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Minority Education in ChinaBalancing Unity and Diversity in an Era of Critical Pluralism$
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James Leibold and Yangbin Chen

Print publication date: 2013

Print ISBN-13: 9789888208135

Published to Hong Kong Scholarship Online: May 2014

DOI: 10.5790/hongkong/9789888208135.001.0001

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How Do You Say “China” in Mongolian?

How Do You Say “China” in Mongolian?

Toward a Deeper Understanding of Multicultural Education in China

(p.65) 3 How Do You Say “China” in Mongolian?
Minority Education in China

Naran Bilik

Hong Kong University Press

In this chapter, Naran Bilik argues that despite the presence of Han linguistic imperialism, there remains a distinct “linguistic-cultural anxiety” in the PRC. On the one hand, there are those that stress the “unity” (yiti) side of Fei Xiaotong’s formula and call for more emphasis on national integration, while on the other hand, there are those that emphasize the “diversity” (duoyuan) side and advocate increased provisions for ethnic pluralism in China. While market forces have sharpened these contradictions, they are also deeply rooted in the history of the Asian continent. Seeking to uncover the fluid and unstable plurality of past notions of “China,” Bilik highlights the polysemy of Chinese terms like minzu, zhongguo, and zhonghua in the Mongolian language, and suggests that by asking and then validating the different ways “you say China in Mongolian,” one can shatter the myth of “mono-cultural centrism” and promote inter-ethnic understanding in China.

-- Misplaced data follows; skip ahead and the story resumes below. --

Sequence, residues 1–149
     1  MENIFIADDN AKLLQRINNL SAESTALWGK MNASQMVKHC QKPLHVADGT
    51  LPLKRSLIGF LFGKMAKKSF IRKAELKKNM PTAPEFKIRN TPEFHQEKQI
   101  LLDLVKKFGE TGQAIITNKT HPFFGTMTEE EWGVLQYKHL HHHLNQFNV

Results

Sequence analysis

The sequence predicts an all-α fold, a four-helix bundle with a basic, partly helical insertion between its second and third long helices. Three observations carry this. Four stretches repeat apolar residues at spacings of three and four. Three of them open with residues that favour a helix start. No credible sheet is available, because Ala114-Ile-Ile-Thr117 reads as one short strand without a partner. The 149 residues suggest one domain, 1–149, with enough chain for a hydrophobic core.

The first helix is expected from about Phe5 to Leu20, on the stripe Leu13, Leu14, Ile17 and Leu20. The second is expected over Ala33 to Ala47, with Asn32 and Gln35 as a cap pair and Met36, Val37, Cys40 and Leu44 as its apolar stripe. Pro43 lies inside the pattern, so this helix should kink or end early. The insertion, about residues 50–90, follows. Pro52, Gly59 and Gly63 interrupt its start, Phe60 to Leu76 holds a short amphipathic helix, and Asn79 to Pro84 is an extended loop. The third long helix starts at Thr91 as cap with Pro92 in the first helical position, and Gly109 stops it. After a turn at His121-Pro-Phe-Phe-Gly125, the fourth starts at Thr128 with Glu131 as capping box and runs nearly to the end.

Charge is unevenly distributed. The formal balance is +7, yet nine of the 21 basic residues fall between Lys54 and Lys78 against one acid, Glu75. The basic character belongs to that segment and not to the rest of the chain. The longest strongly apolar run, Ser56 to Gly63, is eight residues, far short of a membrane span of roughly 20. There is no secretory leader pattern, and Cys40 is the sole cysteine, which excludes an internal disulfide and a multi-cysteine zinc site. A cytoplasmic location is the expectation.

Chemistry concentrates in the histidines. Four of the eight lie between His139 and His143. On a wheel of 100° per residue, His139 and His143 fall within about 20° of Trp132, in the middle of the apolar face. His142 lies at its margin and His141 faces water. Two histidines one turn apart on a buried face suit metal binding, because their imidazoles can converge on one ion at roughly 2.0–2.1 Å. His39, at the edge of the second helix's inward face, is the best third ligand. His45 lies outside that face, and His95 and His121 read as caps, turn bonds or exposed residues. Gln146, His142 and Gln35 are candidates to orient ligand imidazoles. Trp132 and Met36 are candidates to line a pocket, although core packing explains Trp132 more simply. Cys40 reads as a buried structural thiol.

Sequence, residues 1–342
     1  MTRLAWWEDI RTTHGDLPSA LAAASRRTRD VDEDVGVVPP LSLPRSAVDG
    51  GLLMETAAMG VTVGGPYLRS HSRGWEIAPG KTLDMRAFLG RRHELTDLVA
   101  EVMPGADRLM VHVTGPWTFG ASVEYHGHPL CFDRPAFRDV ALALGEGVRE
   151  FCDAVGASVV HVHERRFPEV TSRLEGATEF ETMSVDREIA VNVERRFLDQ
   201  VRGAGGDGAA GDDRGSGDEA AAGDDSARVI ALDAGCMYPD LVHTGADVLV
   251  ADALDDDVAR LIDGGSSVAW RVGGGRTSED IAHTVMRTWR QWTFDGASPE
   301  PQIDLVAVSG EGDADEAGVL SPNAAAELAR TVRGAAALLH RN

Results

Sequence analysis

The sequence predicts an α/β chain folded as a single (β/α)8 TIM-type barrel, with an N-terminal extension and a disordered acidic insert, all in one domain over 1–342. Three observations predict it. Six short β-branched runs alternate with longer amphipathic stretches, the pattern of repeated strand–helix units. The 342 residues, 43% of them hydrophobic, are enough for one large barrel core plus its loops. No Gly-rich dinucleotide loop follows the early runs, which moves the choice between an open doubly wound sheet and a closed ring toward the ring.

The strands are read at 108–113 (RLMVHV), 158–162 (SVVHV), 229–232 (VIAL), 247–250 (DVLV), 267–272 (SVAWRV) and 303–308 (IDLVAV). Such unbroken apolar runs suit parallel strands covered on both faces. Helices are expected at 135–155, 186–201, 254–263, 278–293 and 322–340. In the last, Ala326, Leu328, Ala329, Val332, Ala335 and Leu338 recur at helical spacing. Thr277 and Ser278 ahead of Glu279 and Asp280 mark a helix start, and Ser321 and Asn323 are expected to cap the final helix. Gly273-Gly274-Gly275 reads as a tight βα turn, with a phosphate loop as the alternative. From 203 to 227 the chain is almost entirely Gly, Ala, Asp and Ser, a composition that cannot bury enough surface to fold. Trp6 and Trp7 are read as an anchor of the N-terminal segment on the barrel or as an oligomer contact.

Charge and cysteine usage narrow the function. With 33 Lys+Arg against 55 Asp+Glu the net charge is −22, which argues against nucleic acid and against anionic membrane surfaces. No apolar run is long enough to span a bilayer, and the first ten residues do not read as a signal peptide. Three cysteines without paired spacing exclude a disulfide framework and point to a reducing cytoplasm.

Keywords:   Linguistic-cultural anxiety, Mongolian, Mongolia, China, Ethnicity, Mono-cultural centrism, Multicultural education, Multiculturalism, Minority education

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